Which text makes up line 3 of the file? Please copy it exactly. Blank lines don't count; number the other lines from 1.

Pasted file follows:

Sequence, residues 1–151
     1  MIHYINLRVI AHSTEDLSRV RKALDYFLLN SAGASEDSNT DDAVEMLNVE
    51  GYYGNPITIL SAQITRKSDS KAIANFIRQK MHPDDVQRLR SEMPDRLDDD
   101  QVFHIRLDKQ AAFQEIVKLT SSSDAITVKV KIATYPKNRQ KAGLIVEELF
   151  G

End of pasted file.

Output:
    51  GYYGNPITIL SAQITRKSDS KAIANFIRQK MHPDDVQRLR SEMPDRLDDD